Living with Parkinson’s
Lucho’s life changed when he was 45. He began to feel a degree of paralysis on his left side, which he attributed to stress. He was diagnosed with Parkinson’s disease, and the news took him by surprise. Discovering that he had an incurable illness sent his anxiety soaring, and for more than two months he shut himself in at home.
“He didn’t want to know about anything or anybody; not about work, either,” Valeria Valle, his wife, confesses. It took him a year and a half to assimilate his condition and to tell his family and friends.
Parkinson’s is a disruption of voluntary movement that occurs when the neurons fail to produce a sufficient quantity of dopamine, an important chemical substance in the brain. There are treatments to control it, but up until now it’s incurable.
The pills that Lucho has taken for the past 13 years have caused damage to his motor systems and altered his movements. When he has a crisis and suffers temperament changes he becomes frustrated and says to his wife: “Ay! I wish I were already dead, this disease is tiring me out so much.”
His tremors begin lightly in his left hand, then like a current running through his body they extend outward uncontrollably, spreading the vibrations to the chair that he’s using or an object he’s carrying. His disease has advanced, and Lucho can’t thread a needle anymore.
For two years now he’s been keeping a sack full of the empty packages of the medicines he consumes. He takes 15 pills a day.
His passion for film has motivated him to continue working with the same dedication as always. He’s had to tolerate the jokes of other crew members who say: “Here comes Lucho with his little jumps”; “He’s just starting to dance”; or “He’s got the shake-‘em-ups-every-which-way”, making gentle fun of the involuntary movements that the disease causes.
Roger Mantica is an audiovisual producer who’s worked with this sound engineer since 2012 and affirms that he’s always been “jovial, very boisterous and a jokester.” This helps him keep the whole team in a positive spirit. Mantica adds, “I’ve seen him at his best and worst with his illness, and in no way have I seen it affect his work.”
When he can’t control his strong tremors, he pauses, turns to the people that he’s going to interview and explains: “I suffer from Parkinson’s”. Then he goes back, takes up his recording equipment and continues his task.
Currently, he’s experimenting with audiovisual production. He wants to obtain financing to make two documentaries: one on the Nicaraguan poet Claribel Alegria, and another about the situation faced by those in Nicaragua who have Parkinson’s.
“As one more Parkinson’s sufferer, I’m going to try harder to collaborate with all of these people by making a documentary to publicize the Nicaraguan Parkinson’s Association, to look for help from doctors and organizations that might collaborate with this association,” he affirms.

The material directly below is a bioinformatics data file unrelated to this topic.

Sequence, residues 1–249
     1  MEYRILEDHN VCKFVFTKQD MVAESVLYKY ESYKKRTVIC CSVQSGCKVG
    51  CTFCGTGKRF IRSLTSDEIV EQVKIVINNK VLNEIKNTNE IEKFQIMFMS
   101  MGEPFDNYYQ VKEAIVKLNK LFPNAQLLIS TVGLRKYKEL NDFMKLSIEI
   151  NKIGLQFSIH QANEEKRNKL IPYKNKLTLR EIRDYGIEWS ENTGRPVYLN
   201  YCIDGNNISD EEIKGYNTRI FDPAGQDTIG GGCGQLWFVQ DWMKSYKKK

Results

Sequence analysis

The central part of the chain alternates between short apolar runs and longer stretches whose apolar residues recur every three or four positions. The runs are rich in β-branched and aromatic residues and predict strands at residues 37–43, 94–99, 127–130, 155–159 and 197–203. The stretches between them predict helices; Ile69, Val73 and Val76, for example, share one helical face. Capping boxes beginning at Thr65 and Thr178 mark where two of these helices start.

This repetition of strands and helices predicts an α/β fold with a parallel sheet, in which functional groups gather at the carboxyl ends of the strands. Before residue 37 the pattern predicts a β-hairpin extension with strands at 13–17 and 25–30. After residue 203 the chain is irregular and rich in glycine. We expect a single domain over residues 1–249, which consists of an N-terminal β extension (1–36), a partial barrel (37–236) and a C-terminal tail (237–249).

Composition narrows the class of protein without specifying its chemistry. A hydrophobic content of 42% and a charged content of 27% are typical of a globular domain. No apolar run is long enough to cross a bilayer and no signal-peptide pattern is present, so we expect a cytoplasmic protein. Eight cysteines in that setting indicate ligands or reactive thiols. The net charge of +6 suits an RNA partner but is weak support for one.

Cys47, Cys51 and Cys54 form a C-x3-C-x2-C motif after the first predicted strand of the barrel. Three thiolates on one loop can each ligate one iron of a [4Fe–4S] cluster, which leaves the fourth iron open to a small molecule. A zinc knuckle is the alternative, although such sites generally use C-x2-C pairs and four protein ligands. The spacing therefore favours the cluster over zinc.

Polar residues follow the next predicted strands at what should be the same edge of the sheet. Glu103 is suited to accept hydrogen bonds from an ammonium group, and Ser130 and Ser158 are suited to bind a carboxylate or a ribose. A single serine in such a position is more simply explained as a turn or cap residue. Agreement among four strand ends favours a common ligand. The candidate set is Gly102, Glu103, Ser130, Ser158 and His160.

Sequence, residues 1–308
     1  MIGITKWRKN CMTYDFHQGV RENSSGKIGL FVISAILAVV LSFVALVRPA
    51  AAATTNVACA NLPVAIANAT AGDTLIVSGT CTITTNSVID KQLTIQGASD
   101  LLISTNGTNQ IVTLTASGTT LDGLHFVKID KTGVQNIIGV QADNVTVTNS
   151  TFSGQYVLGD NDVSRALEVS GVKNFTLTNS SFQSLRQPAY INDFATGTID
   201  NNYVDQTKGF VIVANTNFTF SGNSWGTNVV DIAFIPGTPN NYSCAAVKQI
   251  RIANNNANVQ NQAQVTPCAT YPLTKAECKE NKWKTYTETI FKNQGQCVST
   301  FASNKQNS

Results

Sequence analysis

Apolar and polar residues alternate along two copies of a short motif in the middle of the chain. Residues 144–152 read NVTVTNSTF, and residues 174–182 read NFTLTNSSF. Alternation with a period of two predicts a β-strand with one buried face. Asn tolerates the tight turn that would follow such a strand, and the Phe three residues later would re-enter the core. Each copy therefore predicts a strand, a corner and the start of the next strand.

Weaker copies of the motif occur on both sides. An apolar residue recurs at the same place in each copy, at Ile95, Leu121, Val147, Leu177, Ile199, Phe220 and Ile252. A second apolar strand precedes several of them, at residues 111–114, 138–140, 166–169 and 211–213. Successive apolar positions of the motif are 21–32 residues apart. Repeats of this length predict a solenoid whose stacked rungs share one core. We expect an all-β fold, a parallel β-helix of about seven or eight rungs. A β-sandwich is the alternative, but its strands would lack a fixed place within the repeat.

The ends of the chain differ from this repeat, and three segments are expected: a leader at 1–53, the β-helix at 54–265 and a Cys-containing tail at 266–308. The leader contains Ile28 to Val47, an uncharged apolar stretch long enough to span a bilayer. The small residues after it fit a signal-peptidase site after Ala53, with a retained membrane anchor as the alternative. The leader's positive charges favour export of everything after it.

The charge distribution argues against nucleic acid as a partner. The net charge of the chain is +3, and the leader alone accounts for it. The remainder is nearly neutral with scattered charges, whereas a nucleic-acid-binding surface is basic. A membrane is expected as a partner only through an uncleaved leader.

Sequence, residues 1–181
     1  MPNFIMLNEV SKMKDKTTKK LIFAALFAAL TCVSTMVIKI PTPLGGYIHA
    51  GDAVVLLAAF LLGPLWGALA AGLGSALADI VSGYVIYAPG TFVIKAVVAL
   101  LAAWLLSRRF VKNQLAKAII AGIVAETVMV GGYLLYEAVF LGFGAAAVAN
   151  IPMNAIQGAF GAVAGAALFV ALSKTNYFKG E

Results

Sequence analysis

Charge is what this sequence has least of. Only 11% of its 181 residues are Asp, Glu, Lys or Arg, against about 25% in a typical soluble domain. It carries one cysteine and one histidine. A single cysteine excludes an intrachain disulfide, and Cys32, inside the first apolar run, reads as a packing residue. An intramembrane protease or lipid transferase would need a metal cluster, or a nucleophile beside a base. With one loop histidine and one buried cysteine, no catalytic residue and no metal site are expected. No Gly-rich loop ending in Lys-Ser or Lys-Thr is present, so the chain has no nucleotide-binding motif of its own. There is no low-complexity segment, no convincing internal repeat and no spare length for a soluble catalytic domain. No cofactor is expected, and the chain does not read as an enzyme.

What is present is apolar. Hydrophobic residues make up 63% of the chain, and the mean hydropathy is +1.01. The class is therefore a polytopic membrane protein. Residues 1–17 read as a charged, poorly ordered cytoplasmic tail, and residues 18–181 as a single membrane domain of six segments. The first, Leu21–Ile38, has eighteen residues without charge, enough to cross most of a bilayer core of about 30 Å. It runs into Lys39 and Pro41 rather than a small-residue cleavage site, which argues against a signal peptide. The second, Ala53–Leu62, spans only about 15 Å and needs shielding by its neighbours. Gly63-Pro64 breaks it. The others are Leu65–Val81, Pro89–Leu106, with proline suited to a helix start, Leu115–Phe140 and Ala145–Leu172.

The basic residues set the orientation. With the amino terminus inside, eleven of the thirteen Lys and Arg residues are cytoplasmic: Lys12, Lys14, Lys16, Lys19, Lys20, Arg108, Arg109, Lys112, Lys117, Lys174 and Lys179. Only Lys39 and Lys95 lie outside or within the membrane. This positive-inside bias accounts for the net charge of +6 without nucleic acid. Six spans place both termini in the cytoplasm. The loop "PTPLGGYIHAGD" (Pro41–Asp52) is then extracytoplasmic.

Annoyingly perfectionist with sound
Lucho can’t recall how many audiovisual productions he’s worked on: “Imagine, nearly 40 years working only in this…”
After his passage through Central America and his participation in the best film productions in Nicaragua in the eighties, there was still an entire adventure in Latin America and the world waiting. There, he recorded the sound for dozens of works commissioned by organizations and audiovisual producers, the majority dedicated to the defense and promotion of human rights.
At 58, he’s still the same “perfectionist” with his work. Roger Mantica describes him as “very picky” in his work and someone who “involves himself in all aspects of a project, not just in the sound.”
To the filmmaker Frank Pineda, Lucho is one of the best film sound engineers that Nicaragua has.
He describes himself as “pushy with sound, and a pest with film,” and states with sadness “the only moments when I want to leave Nicaragua are when I see that there’s no longer any encouragement for film here.” He misses the years of work in the Nicaraguan Film Institute and the adventures in the Nicaraguan mountains. He doesn’t feel ready to die until he’s collaborated with “a big movie in Nicaragua” and return to those years when there was “so much production.”
“Film is everything for me, it’s my big dream, it’s the medium through which I’ve been happy,” he admits.
Since his arrival, he’s helped in the formation of young people from different generations. Moises Rodriguez was his co-worker in the Nicaraguan Film Institute and assures that Lucho always pushed him to give his best.
“He’s known how to teach us to listen to the sounds of the achievements and frustrations of our people’s struggles,” he affirms.
Translated by Habana Times